“Born That Way”

This study does not prove that people aren’t born that way. Of course there is no “gay gene.” That would make no evolutionary sense. It has to be a complex of them that, combined, cause it. Plus this seems to ignore pre-natal environment. There’s some evidence that this is a cause as well.

[Friday-morning update]

And then there’s this: “Genetics may explain up to 25% of same-sex behavior.”

4 thoughts on ““Born That Way””

  1. “Of course there is no “gay gene.” That would make no evolutionary sense.”

    I don’t know. From an evolutionary standpoint, men are disposable; your relatives share many of your genes, and all your male relatives share exactly the same Y-chromosome, mutations aside. And it only takes one male relative to pass those genes on through dozens of women to hundreds of kids.

    So I’d say there could well be an evolutionary advantage for a fraction of men to not be interested in women and therefore not make kids, freeing up their time to do other things that might help their relatives have more kids. And if it’s a recessive gene, many people could carry it but not express it.

    I’m not saying it is true, but it’s far from clear to me that there wouldn’t be genes which would expend disposable men in order to pass itself on through their relatives.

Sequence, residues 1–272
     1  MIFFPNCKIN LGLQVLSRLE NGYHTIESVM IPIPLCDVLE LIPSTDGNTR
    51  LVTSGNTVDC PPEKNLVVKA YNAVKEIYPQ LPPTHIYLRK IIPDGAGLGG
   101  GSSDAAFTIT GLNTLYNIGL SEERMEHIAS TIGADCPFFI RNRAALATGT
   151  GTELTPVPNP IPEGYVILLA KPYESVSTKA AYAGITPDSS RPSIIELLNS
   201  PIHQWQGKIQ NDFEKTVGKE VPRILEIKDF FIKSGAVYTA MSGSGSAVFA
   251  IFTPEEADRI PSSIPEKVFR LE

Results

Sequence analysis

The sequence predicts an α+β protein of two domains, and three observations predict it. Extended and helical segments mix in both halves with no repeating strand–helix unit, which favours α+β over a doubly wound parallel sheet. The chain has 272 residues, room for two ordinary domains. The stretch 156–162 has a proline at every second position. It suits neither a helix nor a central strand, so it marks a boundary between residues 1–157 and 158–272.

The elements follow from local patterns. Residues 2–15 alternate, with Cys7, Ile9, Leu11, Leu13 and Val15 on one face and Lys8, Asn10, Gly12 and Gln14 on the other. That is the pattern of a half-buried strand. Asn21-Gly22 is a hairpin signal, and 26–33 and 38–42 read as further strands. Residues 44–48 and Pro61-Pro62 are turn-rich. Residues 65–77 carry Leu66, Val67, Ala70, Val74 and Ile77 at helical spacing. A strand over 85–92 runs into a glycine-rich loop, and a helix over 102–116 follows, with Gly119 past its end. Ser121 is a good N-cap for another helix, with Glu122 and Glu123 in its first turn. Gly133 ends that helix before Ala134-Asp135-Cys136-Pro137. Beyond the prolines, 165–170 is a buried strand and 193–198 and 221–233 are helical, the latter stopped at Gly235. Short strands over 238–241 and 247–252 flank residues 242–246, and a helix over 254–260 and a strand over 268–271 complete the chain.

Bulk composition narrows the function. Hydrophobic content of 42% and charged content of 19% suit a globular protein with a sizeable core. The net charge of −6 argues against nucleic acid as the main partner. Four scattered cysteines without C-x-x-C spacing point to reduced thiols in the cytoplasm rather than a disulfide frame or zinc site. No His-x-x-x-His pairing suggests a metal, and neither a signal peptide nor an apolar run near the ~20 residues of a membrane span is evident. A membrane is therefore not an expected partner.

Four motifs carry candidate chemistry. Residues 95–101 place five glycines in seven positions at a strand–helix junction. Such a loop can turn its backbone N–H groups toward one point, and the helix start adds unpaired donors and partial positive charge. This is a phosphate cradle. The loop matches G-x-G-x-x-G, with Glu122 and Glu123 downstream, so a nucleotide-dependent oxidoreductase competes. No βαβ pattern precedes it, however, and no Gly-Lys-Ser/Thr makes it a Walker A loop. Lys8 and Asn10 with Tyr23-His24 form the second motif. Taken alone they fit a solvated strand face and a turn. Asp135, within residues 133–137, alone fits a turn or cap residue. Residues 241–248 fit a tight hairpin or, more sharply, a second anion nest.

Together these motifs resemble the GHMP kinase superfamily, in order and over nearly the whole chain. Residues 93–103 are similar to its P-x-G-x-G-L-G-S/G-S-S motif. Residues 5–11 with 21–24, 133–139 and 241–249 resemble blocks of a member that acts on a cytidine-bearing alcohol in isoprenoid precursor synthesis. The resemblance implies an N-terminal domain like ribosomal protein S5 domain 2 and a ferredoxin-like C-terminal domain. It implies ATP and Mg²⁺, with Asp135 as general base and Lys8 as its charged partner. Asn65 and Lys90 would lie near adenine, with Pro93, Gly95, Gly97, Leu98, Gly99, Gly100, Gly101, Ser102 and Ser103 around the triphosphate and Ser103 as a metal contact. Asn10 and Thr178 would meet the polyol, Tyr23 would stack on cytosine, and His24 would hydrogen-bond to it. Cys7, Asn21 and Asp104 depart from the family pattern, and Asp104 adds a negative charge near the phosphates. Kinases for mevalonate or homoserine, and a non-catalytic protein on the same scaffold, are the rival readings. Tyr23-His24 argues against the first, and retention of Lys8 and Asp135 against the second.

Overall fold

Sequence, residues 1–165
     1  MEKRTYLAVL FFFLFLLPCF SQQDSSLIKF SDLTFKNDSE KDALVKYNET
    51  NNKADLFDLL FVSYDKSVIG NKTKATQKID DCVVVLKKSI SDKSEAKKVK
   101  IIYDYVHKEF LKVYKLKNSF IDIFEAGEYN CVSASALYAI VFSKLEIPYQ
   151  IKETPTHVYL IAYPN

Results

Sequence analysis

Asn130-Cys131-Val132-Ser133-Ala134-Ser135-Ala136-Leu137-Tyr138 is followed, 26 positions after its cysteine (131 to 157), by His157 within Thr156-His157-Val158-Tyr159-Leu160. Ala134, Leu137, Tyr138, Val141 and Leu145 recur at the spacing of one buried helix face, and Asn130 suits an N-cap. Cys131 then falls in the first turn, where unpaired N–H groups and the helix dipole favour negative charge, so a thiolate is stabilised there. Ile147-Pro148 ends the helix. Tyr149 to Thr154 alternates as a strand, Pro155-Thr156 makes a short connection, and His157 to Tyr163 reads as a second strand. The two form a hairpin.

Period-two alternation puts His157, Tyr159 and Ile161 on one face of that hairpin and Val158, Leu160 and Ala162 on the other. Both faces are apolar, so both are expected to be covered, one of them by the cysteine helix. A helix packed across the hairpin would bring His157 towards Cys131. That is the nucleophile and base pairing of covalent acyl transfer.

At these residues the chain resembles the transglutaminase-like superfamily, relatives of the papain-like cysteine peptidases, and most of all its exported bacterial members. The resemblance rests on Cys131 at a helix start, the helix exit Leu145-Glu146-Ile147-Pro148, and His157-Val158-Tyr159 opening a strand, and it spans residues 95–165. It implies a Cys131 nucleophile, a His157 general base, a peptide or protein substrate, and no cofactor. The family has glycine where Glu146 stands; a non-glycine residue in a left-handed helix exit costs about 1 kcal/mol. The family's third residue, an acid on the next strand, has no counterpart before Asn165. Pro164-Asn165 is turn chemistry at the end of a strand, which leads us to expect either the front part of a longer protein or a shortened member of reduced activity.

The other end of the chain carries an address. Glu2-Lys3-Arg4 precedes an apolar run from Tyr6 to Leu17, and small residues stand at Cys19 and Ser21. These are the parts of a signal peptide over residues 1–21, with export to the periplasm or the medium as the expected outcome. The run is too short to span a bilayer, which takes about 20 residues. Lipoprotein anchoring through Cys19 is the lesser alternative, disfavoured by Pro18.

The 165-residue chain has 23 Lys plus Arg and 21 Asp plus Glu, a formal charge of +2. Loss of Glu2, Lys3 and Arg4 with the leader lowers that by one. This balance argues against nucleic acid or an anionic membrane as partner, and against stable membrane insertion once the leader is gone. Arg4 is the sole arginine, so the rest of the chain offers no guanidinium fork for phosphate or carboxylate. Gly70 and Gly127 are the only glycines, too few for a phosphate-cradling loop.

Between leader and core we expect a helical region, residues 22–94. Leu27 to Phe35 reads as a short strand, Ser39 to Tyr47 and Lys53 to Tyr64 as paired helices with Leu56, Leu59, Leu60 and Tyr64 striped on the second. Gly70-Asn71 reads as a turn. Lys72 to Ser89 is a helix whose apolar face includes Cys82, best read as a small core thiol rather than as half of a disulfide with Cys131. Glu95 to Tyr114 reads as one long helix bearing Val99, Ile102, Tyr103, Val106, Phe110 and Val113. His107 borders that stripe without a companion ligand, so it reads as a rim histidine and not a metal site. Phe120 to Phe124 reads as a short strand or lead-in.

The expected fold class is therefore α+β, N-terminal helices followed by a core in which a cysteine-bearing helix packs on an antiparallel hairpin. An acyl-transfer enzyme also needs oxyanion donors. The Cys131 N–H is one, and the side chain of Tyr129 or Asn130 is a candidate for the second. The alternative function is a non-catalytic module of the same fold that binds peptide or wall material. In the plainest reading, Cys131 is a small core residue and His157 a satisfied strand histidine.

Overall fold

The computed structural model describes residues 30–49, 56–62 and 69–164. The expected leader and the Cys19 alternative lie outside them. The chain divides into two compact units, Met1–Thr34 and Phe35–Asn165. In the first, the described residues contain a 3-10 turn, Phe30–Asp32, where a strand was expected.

1. “So I’d say there could well be an evolutionary advantage for a fraction of men to not be interested in women and therefore not make kids, freeing up their time to do other things that might help their relatives have more kids.”

      But you don’t need gayness for that. You only need a low sex drive. They could still be “interested” in women but not interested in spending time with them.

      Also a low “care for the kids” factor on some males will produce the same effect.

  2. There are ways that homosexuality could evolve as a population control measure and/or to allow some men in groups to not be distracted by children. Group selection as part of evolutionary theory is not a new thing, although it was out of fashion for a while. The latter could always be around, while the former would generally be triggered by environmental conditions.

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